But for European legislation and a very rare species of Snail, Doonbeg may have been one of the great new links courses of the modern era. The drive through the Co Clare countryside, toward Doonbeg bay, is similar to many of the other journeys to seaside courses, filled with anticipation, waiting after every turn and bend to see that ever elusive glimpse of the sea. As you turn into the Complex, you are immediately overcome with a sense of American imposition upon Irish real estate. I don’t wish for this statement to be interpreted with any element of malice, but being an Irishman who lives in the US, one picks up on the stark contrast very quickly. All the hallmarks of the American Country club exist, impeccable service, spike friendly clubhouses, valet bag drop, the list goes on…… This is something that the cultured American golfer experiences regularly back in their home club, but I cant help wondering that those who visit Doonbeg, seem almost robbed of the traditional Irish, understated-pure golf experience. Maybe I am a tad late with this analogy, given that many of the south west courses in particular have gone out of their way to make our visitors from across the pond feel very welcome, but at Doonbeg it is taken to another level.
The above aside, the development at the lodge is spectacular, and even though some consider its presence and eye-sore on the landscape, it is nonetheless an impressive structure. Doonbeg is the brainchild of the people at Kiawah developments (I am planning to visit the Ocean Course this winter, which I am very excited about!). They wanted to create a first class golf luxury golf destination on Ireland’s west coast, situated brilliantly right between the hallowed grounds of Lahinch and Ballybunion, and with Greg Norman’s incedible hands on approach to golf design, this place was sure to be a home run! (maybe I am becoming too americanized!) However one miniscule snail, made its best efforts to spoil the party.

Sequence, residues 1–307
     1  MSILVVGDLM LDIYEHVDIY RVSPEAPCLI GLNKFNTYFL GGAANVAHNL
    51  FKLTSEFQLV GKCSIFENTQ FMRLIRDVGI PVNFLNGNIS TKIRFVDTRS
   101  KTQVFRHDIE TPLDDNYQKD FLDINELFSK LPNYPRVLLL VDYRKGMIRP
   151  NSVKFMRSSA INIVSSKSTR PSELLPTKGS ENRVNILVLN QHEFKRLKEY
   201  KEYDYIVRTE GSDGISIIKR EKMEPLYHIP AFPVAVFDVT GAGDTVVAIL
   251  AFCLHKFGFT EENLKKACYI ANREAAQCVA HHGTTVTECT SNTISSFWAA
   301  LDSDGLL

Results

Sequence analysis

Before visiting Doonbeg, I was assured by a number of people, that it was indeed a terrific golf course, that the snails hadn’t disrupted things as much as speculated and that it was anything to rival Lahinch, others told me not to waste the journey and head straight for the grand old lady! Upon reflection I fall somewhere in between. I must echo and wholeheartedly agree with my colleague Jim McCann’s comments below, where he states that every time you think you are about to delve right into the heart of the towering dunes that shape the landscape, you merely skirt around them. The view from the opening hole is tremendous, the back tee stands right on the doorstep of the lodge and overlooks the 18th hole with the waves crashing beyond, it is a very good, easy on the eye par 5, with an incredibly natural green-site, set in an amphitheatre styled location (ala the 12th at Enniscrone). From the second onwards the front nine meanders its way straight out away from the clubhouse, with only one hole playing back toward it. In my opinion, a mixed opening nine, with 4 good holes and 5 nondescript ones, the pick of the bunch being the par 5 first as mentioned along with the 4th and 5th (two very gamey short par 4’s, the former played out toward the beach, with the ocean as its backdrop, while the latter is a nice risk reward driveable par 4, running along the bay, with a viciously sloping green. The 9th is also a pretty par 3, again pitched along the strand, with a very narrow and well guarded green.